||Manitou Springs is an eclectic mix of modern
and Victorian buildings nestled at the foot of Pike's Peak in western Colorado.
It is also home to ten wonderfully restored mineral springs.
The springs rise from aquifers fed by rainwater
and snowmelt from Pikes Peak and on its thousand year journey from deep
underground the water absorbs high concentrations of minerals as it passes
through the limestone and dolomite caverns deep in the rock. The flavour
of the water is different at each spring depending on the intensity of
the iron, sulphur or soda in the water.
Manitou was a sacred place for the Ute Indians
of the mountains and the various other tribes who moved in and out of the
area including Cheyenne, Sioux, Arapahoe, Comanche, Kiowa and Algonquin.
‘Manitou’ is an Algonquin name for the Great Spirit
who was believed to have given the gift of the healing waters. It
was thought that many of the nature spirits lived beneath the springs and,
as at holy waters everywhere, offerings of beads, pottery, weapons and
talismans were left for them.
Although Manitou started as a mining town in the
goldrushes of the 1860s and 70s (it was incorporated in 1876) it soon decided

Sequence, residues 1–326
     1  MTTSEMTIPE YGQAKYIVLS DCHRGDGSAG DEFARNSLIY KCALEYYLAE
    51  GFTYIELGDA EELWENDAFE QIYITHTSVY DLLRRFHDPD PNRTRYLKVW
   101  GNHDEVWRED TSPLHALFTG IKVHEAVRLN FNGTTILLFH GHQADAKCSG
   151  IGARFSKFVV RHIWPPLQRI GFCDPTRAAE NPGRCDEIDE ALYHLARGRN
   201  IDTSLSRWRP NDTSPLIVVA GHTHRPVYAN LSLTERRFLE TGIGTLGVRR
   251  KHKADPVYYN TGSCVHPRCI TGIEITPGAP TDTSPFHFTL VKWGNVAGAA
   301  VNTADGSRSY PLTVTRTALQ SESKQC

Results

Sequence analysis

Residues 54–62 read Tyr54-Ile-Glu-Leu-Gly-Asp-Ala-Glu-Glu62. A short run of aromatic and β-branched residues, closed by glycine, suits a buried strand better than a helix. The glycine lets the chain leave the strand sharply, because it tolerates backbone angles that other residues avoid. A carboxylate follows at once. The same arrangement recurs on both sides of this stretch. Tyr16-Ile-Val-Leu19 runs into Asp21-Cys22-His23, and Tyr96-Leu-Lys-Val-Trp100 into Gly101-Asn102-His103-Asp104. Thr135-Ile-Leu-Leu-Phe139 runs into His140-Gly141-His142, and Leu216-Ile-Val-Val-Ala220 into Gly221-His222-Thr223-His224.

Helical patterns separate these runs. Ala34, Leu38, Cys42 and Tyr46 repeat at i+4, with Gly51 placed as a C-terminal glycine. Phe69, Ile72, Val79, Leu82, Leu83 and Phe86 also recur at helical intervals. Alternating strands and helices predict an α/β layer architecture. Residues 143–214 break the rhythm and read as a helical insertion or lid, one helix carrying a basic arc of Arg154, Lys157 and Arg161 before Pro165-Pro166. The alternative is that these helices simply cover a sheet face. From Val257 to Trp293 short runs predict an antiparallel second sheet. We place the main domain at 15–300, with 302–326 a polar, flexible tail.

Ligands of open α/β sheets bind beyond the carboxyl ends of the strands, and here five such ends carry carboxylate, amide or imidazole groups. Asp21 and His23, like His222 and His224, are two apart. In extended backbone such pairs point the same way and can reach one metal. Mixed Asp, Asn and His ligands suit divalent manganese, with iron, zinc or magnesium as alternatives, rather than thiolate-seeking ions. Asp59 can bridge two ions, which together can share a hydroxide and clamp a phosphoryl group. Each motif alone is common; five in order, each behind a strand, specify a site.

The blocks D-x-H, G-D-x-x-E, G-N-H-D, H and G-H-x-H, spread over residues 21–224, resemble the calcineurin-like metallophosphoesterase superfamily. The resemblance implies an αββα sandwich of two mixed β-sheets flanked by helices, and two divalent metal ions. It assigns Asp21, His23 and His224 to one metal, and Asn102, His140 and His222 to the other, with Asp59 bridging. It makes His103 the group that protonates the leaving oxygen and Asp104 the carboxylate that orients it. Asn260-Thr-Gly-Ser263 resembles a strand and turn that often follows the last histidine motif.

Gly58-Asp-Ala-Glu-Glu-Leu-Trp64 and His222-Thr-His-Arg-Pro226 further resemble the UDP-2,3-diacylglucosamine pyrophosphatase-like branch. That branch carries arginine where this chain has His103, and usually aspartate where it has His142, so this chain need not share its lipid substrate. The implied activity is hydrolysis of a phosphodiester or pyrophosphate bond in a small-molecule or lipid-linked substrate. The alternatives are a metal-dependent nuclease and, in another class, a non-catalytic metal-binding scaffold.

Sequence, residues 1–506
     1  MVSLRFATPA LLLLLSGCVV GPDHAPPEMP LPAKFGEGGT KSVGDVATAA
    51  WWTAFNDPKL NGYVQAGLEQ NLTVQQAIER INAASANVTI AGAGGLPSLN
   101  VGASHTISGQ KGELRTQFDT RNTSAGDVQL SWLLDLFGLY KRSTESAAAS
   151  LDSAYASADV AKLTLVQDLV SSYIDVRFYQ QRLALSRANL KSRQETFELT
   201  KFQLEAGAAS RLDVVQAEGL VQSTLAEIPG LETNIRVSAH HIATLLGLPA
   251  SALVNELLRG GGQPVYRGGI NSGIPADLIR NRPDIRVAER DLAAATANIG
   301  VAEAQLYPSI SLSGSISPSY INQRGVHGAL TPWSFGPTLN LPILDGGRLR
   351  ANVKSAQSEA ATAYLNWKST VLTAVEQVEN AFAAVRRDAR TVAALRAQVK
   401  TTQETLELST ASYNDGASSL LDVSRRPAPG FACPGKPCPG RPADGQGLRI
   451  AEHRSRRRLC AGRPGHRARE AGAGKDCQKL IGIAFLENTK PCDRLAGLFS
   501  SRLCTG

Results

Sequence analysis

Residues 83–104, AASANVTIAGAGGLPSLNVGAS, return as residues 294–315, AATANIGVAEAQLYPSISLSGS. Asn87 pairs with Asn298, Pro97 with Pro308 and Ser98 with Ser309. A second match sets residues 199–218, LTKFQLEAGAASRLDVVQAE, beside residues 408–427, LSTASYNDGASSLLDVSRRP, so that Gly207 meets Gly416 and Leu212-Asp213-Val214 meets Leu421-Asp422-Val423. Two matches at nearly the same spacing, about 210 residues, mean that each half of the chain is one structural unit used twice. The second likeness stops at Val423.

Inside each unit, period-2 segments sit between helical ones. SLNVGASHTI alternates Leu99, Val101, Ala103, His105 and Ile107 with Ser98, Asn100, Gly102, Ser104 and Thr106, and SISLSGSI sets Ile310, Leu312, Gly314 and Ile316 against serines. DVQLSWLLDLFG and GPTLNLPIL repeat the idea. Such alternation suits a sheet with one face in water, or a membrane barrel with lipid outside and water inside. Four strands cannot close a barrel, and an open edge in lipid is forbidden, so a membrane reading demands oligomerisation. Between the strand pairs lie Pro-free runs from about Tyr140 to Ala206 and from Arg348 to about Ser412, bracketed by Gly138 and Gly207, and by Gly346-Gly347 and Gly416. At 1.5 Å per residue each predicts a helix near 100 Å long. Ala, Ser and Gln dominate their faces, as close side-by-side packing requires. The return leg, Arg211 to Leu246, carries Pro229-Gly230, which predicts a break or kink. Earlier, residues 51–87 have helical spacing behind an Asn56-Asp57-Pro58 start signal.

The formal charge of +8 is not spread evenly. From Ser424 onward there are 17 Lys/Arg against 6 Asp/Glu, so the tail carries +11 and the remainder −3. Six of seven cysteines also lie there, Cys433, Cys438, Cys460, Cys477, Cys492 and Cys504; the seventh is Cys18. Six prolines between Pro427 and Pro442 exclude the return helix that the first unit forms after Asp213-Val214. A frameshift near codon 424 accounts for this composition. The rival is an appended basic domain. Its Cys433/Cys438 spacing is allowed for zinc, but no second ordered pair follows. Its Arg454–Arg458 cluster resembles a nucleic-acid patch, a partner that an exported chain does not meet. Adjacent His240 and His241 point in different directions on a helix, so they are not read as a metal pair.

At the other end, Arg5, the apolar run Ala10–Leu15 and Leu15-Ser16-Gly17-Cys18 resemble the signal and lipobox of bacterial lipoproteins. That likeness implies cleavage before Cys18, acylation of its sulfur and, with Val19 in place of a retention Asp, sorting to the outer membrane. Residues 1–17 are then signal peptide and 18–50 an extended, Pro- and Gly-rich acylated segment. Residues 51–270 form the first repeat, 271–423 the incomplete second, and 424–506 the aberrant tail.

it was better off as a health resort. The original mineral springs
beloved of the Indians were added to with several more being drilled between
1880 and 1936. Spas for water therapy, simple bathhouses and bottling
works mushroomed and were joined by hotels, casinos, restaurants and theatres.
Invalids and holidaymakers alike came to breathe the clean mountain air
and drink the health giving waters which were believed to cure everything
from headaches to tuberculosis to cancer. By the
end of the nineteenth century Manitou was one
of the most popular vacation destinations in the west.
A tourist information booklet published in the
1920s describes 14 mineral springs within the city limits but only names
10 of them: Creighton, Manitou, Navajo, Cheyenne, Shoshone, Ute Chief,
Ouray, Little Chief, Ute Iron and Soda Lithia. The names of the 10
springs in the town today are: Ute Chief, Stratton, Twin (or Twin Link),Wheeler,
Navajo, Shoshone, Cheyenne, Iron Geyser, Seven Minute and Soda.
According to the excellent Everytourist Guide
to the Springs (by Becky Marr, published by Aldendale Studio) there are
28 mineral springs in the area.
In September 2000 there were eight carefully and
imaginatively restored springs and two more (Soda and Shoshone) being renovated.